Belarusian and Cypriot national has been charged in the US for operating an unlicensed cryptocurrency exchange BTC-e and money laundering conspiracy, according to the Department of Justice (DOJ).
Aliaksandr Klimenka and Alexander Vinnik, allegedly controlled the digital currency exchange BTC-e, with others between 2011 and July 2017.
BTC-e primarily targeted the Russian market but had servers located in the US. The report alleges that the exchange facilitated transactions for cybercriminals globally. BTC-e was allegedly used to facilitate crimes ranging from computer hacking, fraud, identity theft, tax refund fraud schemes, public corruption, and drug trafficking.
Currently being held in custody, Klimenka was arrested in Latvia in December 2023 and made an appearance in San Francisco yesterday. If convicted, Klimenka faces a maximum of 25 years in prison.
The Justice Department’s Office of International Affairs said it worked very closely with the Latvian government to secure the arrest of Klimenka. Allegedly, Klimenka also controlled technology firm Soft-FX, and the financial firm FX Open.
In May 2023, CNN reported that lawyers for Vinnik, the Russian money launderer were actively lobbying for their client to be included in any potential US-Russia prisoner swap for the detained Wall Street Journal reporter Evan Gershkovich. Vinnik was extradited from France to California back in 2022.
No KYC Verification in Place
“Despite doing substantial business in the United States, BTC-e allegedly was not registered as a money services business with the U.S. Department of Treasury, had no anti-money laundering process, no system for appropriate “know your customer” or “KYC” verification, and no anti-money laundering program as required by federal law,” said the DOJ in the announcement.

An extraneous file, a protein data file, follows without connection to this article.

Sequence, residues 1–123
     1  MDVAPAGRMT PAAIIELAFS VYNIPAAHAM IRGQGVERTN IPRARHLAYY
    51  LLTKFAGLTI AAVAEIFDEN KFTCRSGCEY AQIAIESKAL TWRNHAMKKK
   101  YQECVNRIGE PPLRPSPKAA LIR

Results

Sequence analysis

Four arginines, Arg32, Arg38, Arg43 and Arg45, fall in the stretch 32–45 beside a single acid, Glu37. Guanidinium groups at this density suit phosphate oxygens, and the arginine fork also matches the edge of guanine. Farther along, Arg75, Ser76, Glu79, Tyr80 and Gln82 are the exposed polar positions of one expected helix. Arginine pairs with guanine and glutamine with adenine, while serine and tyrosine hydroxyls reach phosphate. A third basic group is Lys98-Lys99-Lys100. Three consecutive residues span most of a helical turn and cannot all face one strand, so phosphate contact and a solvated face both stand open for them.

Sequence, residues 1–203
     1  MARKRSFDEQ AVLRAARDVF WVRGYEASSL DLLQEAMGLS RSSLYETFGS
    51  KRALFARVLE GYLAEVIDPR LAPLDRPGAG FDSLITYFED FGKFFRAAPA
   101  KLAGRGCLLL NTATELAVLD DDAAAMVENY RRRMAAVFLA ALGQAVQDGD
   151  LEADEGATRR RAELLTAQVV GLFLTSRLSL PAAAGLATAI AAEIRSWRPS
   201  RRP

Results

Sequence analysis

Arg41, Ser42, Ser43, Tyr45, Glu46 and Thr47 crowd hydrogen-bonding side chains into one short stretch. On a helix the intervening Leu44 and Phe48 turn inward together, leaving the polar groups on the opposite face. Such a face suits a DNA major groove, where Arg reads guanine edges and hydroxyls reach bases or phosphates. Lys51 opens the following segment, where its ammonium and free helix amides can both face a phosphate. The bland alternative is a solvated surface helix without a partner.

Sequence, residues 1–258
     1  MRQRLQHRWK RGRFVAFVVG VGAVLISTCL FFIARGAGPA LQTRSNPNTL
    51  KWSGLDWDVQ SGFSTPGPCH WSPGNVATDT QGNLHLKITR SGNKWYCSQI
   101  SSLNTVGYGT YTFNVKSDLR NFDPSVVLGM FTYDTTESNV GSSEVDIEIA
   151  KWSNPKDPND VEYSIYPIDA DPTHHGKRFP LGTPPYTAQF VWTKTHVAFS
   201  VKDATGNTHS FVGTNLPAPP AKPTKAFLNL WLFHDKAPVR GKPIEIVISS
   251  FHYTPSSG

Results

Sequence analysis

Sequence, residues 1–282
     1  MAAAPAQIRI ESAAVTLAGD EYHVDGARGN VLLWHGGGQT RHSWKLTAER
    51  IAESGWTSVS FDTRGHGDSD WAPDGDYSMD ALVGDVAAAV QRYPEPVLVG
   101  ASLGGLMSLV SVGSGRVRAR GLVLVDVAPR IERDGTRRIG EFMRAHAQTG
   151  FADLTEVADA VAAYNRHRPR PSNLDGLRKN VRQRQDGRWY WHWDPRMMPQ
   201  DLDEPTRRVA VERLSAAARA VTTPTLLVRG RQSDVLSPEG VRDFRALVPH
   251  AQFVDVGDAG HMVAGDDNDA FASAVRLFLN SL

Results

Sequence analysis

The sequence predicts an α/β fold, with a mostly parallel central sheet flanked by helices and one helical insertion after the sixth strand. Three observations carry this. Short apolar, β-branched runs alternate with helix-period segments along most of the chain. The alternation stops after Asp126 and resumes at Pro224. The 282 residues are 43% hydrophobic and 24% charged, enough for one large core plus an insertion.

KYC checks in the US crypto industry refer to the process of verifying the identity of customers to ensure compliance with regulations. This typically involves providing personal information such as name, address, and identification documents like a driver’s license or passport when opening an account on a crypto exchange or platform. KYC helps prevent money laundering, fraud, and other illicit activities in the crypto space.
US Cracking Down on Crypto Exchanges
Lately, the US authorities have been cracking down on illicit activity in cryptocurrency markets, especially exchanges operating in North America that do not follow legal requirements.
Most recently, the U.S. Securities and Exchange Commission (SEC) accused cryptocurrency exchanges Binance and Coinbase for offering unregistered securities to customers among other allegations. Coinbase‘s chief legal officer Paul Grewal criticized the US Government Accountability Office (GAO) following its recent report describing crypto as a tool for foreign entities to evade sanctions.
Both exchanges are in an ongoing legal battle with the SEC.
There is concern being expressed that the push by U.S. lawmakers for stringent regulations in the cryptocurrency industry is driving business overseas, reports Julia Smith from Cryptonews, citing a 2024 market outlook report from ETP provider 21Shares.
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